September 23rd, 2013 by Elizabeth | Tags: Audiology, Cochlear Implant, Tips and Tricks | 2 Comments »
One great thing about having multiple cochlear implant manufacturers is that they are constantly innovating and producing new technology! A new processor launch is thrilling, and the first question on everybody’s mind is, “When can I get my hands on it?!?” Unfortunately, the second question is often, “Will my insurance cover it?!?” Here are some tips for how to make the case for a CI processor upgrade for those who live in the United States:
- *Don’t say UPGRADE. Why would your insurance pay for the newest, fanciest processor when your current processor, in theory, works just fine? That’s what they think when they hear “upgrade.” Instead, say REPLACEMENT. This new processor REPLACES your old one, which is now OBSOLETE.
- Contact your cochlear implant manufacturer for help. They have dedicated insurance specialists who can help you best make your case for the upgrade. They deal with insurance issues all day and they’re on your side! Here are links to the insurance support departments for Advanced Bionics, Cochlear Americas, and MED-EL.
- Have your audiologist put your MAPs onto one of the new processors (she probably has a demo in her office) and perform soundbooth testing with your old processor and then the new “loaner.” If you can show a difference (for example, in your ability to hear in noise), you have a stronger, data-driven case to make to insurance that this is not just a cosmetic change.
- Emphasize the differences in the new processor. Is it more waterproof? Does it have improved microphones? Are there changes in the sound processing strategies or programs? Improved battery options or battery life? Ease of wear? Better connectivity with FM systems or other assistive listening devices? List all of the reasons why this upgrade will offer improved functionality.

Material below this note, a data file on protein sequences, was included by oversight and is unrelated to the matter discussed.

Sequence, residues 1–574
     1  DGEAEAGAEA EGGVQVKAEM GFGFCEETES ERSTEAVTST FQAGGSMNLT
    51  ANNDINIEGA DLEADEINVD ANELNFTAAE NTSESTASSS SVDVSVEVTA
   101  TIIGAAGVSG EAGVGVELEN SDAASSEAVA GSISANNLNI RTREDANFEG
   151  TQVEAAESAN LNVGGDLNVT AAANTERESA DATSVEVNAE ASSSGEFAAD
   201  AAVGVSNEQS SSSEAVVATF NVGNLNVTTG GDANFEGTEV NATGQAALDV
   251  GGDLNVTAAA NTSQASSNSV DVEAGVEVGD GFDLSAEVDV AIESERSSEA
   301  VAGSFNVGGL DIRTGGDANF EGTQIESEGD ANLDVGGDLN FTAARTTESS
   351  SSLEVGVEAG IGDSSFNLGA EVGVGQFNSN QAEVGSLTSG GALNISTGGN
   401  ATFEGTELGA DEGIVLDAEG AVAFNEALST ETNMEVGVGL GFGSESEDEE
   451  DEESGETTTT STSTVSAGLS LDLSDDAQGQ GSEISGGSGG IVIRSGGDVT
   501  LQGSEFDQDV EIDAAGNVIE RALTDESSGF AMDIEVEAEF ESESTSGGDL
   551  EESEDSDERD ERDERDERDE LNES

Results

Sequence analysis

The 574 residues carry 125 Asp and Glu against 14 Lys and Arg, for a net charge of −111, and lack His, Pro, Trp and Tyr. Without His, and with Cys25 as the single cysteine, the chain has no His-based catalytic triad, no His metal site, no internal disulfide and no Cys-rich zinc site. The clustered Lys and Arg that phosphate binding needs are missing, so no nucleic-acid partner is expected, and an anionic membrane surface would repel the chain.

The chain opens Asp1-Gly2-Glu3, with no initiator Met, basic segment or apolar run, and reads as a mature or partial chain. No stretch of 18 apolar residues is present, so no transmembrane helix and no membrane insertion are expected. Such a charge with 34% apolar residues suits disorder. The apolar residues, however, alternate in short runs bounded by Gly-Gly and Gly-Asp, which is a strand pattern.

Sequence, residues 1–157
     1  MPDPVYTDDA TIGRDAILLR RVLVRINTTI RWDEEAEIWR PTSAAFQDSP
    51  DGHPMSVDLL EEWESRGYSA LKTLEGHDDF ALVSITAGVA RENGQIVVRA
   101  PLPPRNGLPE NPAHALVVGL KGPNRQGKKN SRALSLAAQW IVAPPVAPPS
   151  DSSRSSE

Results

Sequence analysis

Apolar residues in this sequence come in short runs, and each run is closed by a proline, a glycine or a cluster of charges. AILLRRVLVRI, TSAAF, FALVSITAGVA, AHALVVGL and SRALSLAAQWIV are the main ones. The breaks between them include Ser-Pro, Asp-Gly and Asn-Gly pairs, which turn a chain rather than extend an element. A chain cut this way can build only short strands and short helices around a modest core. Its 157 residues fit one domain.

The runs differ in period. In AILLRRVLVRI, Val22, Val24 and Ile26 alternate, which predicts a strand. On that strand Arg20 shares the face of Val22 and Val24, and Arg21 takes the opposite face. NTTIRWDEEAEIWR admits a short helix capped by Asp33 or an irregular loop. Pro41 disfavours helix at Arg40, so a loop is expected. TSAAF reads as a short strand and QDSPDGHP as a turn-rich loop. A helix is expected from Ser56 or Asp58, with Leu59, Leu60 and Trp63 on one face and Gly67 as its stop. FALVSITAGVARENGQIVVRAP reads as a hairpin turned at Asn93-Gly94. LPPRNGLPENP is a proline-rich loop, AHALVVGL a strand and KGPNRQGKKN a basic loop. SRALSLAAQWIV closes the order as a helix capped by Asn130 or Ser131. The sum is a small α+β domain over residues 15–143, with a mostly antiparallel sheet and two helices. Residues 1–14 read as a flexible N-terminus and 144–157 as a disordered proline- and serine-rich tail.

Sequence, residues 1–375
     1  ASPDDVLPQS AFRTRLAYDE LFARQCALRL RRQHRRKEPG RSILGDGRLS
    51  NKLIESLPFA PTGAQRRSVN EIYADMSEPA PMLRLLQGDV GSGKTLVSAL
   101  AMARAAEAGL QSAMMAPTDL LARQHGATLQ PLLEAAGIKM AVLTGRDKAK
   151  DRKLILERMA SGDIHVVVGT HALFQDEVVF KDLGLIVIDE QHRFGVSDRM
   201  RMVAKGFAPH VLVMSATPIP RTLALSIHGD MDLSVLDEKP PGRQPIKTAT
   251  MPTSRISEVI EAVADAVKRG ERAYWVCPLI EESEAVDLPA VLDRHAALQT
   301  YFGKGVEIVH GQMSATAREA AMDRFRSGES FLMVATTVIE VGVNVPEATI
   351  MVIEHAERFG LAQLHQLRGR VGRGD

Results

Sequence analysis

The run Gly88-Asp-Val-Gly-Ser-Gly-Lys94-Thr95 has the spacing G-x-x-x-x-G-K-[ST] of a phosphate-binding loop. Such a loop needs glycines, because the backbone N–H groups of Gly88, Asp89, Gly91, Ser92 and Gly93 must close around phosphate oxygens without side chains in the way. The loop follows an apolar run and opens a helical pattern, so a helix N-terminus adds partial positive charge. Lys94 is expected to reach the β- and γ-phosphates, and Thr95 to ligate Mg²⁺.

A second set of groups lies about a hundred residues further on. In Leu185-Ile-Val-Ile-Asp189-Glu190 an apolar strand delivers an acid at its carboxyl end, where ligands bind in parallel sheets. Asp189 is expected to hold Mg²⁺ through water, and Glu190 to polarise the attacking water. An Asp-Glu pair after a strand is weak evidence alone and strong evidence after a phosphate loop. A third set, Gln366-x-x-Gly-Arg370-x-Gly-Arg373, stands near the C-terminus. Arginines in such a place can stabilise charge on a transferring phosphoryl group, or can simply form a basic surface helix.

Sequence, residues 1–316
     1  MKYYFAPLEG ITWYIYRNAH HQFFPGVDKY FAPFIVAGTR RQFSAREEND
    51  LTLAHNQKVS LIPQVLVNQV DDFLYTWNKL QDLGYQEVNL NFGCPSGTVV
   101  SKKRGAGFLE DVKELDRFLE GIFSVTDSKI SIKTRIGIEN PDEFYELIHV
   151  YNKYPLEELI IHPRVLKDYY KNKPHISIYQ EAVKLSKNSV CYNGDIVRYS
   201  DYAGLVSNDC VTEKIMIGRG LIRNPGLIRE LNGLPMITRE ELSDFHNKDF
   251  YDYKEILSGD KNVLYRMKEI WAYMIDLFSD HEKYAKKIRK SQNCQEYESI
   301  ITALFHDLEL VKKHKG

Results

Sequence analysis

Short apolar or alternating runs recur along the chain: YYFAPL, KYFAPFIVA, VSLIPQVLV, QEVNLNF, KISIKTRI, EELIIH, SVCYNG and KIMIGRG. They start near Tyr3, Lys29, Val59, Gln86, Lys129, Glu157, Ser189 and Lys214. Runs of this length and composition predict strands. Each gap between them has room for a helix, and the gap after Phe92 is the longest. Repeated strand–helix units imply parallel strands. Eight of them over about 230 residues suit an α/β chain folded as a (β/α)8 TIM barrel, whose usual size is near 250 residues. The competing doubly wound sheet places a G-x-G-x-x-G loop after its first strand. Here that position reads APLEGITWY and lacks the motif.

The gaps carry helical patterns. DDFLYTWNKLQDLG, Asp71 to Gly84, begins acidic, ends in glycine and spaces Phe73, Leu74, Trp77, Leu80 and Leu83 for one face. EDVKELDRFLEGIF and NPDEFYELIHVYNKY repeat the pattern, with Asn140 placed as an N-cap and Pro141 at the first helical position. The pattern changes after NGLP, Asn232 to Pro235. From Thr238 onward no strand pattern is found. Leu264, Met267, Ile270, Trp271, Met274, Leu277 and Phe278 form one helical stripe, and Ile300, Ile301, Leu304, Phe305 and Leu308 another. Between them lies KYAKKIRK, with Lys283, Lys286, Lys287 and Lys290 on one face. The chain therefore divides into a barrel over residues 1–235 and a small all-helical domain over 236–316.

- Use the word “obsolete” to describe your old processor in comparison to this new one. The insurance company should replace obsolete medical equipment.
- Ask for itemized bills from both your insurance company and hospital. Look over them carefully for any services that you may not have received. Often, hospitals have a standard “People who get a CI usually have x, y, and z service done” kind of billing template and it may include some services that you did not receive. Don’t be afraid to call the hospital’s billing department to ask for an explanation of any extra charges. Maybe you did receive the service and in the hustle of the day just forgot it, or maybe you were mistakenly charged for something you did not need or receive.
- HERE is a list of resources for funding for CI surgery and processors, and well as sources of funding for therapy. Remember that receiving the cochlear implant is just the first step — listening and spoken language therapy is KEY to getting the best results.
Check out this webinar: Insurance Basics on Cochlear Implant and Baha